Tuesday, October 17, 2017

Altering the Sweet Legs Plus Leggings for a Better Fit

I've been intending to do this for over a year, and finally got the courage to do it over the last week. I replaced the waistband in my Sweet Legs Plus leggings I bought last fall (I think they were called Dark Night Plus).

I've googled on this one and I think I must be the only person who things the waistband on the Sweet Legs Leggings Plus is too tight. The rest of the leggings fit great with lots of room to spare, but that waist band! Argh!  Because of this, I never wear them.  I have 3 pairs, and I've worn 1 pair once.

I pulled my least favourite pair out of the drawer, grabbed my seam ripper, and seam ripped the stitches that held down the waistband (cover stitched originally), then seam ripped the stitches that attached the waistband to the pants (serged originally).

I had to be really careful not to catch any of the fabric, but it went well, and I ended up with the elastic coming out intact enough I'll be able to reuse it for some pj pants for one of the kids.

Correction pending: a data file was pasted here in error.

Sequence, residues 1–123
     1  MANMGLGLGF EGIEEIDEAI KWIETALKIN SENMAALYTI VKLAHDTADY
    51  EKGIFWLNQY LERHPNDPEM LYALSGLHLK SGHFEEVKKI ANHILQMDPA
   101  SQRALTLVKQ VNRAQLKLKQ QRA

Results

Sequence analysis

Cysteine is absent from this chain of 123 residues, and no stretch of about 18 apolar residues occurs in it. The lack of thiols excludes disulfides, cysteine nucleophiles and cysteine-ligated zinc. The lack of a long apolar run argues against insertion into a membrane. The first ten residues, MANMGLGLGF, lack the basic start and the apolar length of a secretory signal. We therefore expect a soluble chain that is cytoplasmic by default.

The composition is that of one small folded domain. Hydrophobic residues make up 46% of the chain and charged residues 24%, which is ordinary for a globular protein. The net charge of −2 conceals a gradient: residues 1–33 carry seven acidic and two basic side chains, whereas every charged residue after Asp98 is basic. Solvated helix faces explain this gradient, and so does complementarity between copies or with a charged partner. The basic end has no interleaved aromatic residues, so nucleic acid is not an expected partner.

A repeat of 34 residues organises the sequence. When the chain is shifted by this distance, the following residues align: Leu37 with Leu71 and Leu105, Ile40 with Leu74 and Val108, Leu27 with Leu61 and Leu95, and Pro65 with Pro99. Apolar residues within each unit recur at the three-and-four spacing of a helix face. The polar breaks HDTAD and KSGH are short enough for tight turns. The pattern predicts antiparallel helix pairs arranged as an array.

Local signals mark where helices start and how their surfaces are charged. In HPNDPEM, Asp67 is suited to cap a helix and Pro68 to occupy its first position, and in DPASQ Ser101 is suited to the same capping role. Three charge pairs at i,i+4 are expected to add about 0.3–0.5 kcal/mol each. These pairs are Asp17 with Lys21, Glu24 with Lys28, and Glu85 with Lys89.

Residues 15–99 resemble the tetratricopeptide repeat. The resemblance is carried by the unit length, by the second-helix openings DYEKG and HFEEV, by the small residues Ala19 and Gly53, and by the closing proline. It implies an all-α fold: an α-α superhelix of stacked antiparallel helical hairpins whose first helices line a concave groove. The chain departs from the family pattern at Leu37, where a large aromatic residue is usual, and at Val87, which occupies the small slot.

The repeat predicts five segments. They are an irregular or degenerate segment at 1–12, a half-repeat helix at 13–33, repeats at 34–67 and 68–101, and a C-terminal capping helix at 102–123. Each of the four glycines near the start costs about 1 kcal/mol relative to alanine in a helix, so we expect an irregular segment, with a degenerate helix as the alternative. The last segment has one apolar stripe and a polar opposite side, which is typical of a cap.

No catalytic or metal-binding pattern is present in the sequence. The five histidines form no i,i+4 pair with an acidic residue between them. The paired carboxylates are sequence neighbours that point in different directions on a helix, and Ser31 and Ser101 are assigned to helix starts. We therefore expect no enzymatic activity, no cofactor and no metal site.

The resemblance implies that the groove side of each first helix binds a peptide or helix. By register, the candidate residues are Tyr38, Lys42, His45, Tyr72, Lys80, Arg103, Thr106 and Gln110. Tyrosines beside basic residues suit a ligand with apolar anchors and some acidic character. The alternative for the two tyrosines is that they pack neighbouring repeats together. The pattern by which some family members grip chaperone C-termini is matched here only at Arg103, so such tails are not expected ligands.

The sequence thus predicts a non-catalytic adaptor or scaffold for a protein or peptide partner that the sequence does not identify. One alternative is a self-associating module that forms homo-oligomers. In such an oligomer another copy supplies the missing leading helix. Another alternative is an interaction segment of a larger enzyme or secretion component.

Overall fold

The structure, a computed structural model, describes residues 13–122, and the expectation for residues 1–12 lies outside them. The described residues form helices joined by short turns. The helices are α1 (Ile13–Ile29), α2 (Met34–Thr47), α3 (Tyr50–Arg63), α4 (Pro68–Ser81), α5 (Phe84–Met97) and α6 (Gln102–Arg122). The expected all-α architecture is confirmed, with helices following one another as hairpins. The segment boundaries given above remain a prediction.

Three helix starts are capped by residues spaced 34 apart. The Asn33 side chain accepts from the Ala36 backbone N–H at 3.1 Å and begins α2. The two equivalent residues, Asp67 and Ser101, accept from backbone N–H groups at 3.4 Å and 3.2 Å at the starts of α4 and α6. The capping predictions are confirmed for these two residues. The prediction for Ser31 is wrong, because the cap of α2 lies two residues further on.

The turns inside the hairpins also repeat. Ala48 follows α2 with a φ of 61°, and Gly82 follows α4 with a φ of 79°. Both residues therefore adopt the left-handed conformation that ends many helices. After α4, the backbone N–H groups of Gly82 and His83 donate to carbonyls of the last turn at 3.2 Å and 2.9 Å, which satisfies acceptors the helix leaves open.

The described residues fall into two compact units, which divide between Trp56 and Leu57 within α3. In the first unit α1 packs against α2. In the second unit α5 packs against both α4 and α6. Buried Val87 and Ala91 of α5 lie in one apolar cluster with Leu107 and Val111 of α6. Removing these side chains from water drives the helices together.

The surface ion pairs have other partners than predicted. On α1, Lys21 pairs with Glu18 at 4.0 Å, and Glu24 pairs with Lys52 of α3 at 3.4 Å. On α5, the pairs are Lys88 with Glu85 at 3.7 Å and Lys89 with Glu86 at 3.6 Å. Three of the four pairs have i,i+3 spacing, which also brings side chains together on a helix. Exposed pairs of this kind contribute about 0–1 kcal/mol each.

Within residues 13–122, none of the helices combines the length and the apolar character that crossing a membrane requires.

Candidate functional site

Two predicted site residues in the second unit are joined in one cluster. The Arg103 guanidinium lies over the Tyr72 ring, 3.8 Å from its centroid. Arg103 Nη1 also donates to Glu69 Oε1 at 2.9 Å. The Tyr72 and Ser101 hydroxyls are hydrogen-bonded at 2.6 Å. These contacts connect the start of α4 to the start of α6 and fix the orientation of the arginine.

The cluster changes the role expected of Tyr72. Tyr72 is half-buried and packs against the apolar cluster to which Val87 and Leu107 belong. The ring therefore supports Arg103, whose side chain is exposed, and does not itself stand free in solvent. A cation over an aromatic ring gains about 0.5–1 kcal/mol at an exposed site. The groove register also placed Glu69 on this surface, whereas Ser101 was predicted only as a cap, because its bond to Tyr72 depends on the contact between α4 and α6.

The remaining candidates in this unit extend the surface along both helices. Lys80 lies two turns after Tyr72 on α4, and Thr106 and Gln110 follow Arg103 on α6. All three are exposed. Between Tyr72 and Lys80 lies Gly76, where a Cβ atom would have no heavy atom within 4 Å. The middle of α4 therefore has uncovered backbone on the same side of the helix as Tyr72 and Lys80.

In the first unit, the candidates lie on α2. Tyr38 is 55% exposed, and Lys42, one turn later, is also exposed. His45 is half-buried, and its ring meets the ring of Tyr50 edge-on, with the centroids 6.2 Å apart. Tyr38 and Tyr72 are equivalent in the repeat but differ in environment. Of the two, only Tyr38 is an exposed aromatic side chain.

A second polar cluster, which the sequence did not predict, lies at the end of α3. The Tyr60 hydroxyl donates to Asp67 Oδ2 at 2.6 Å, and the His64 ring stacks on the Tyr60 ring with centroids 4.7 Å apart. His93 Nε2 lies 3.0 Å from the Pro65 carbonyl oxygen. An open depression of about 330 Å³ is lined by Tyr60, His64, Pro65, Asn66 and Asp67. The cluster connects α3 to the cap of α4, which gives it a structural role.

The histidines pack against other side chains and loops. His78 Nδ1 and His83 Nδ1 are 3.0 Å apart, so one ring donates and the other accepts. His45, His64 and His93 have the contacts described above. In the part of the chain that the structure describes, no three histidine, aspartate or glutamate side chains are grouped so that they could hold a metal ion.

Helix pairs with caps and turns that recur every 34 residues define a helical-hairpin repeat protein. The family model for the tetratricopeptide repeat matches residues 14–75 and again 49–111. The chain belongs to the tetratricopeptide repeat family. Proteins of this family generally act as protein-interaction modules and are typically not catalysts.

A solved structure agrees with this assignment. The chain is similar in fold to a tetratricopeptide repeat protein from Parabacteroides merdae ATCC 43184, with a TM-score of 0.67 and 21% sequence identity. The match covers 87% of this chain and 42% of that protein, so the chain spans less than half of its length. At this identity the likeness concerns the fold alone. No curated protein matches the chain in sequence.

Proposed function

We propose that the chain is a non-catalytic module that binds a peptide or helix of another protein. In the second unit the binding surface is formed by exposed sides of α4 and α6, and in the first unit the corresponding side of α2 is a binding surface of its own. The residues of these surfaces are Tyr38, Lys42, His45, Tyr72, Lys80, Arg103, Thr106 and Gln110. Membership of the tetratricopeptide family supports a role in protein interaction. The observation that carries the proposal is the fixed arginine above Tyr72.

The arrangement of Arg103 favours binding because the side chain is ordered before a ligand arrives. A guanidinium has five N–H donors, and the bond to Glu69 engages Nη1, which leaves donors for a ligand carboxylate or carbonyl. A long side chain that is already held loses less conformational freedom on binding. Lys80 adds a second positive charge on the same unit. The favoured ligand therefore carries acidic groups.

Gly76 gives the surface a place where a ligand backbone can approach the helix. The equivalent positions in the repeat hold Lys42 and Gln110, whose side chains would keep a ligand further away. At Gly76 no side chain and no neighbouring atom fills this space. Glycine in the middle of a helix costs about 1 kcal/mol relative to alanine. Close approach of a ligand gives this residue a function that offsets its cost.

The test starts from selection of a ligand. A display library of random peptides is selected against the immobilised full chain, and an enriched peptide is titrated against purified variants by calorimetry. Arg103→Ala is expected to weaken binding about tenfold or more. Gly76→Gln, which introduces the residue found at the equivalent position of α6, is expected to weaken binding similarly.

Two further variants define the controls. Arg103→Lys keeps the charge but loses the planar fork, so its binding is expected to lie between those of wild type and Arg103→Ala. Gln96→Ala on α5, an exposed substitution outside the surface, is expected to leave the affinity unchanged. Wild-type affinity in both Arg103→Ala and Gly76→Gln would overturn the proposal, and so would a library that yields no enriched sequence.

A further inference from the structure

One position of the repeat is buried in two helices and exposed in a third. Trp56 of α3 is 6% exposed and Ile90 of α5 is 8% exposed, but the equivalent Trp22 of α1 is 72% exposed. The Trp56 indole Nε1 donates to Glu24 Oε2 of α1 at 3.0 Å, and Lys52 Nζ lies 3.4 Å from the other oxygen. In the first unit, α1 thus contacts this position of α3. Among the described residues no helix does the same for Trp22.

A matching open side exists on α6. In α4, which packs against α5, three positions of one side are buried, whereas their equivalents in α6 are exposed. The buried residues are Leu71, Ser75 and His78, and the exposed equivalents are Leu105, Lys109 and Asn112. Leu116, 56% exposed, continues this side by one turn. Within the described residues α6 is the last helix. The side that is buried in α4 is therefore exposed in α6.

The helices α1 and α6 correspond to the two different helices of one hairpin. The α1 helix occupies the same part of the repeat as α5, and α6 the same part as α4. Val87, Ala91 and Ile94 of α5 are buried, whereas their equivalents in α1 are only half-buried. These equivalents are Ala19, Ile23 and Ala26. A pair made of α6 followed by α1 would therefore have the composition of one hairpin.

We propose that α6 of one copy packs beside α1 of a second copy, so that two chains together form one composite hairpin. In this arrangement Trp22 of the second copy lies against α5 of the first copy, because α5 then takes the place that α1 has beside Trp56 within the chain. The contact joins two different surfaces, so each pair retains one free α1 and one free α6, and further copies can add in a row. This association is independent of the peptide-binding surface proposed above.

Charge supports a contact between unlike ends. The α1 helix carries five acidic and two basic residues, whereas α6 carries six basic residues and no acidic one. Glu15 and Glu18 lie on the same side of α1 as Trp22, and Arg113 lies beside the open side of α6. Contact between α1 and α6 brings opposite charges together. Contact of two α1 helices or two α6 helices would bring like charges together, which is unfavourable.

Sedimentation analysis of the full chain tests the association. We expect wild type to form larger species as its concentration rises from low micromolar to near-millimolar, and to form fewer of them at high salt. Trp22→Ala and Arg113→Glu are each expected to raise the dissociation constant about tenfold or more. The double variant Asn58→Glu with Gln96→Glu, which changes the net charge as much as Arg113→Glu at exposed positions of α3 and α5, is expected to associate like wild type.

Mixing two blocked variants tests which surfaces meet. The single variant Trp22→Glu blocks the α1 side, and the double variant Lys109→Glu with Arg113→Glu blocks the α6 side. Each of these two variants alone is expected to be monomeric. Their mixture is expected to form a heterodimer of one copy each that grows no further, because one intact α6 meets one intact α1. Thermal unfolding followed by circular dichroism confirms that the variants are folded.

I then measured the length of elastic I wanted to use to be comfortable. I just used the 1" braided elastic you can get from Walmart.  I think it was less than $2 for the length and I can easily get 2 waistbands for myself plus at least 1 for the kids out of one package. I want to try cotton swimwear elastic, but I'd have to order that online, so I haven't yet.

I used to be an hourglass before I had the kids, but I'm definitely more of an apple now.  Needless to say, I was weary of using elastic in my waistband at all, but because I'm not an hourglass, my best shot of having my pants stay up is with some sort of elastic (or so I've heard). It's about as loose as it could possibly be too, so it's pretty comfy.

I cut the elastic to length, and sewed it up using my regular sewing machine and a zigzag stitch.  I placed a scrap square of fabric under the 2 ends and sewed over that too (trimming the sides off after sewing). It worked well!  My zigzag settings for sewing the elastic together were 2.25mm width and 0.5mm length. I'm a chicken, so I zigzagged over 2 times and back-stitched on each end.


 I quartered the elastic and the pants (separately, with ball point pins) and pinned them together at those quarter marks (on the wrong side / inside of the leggings).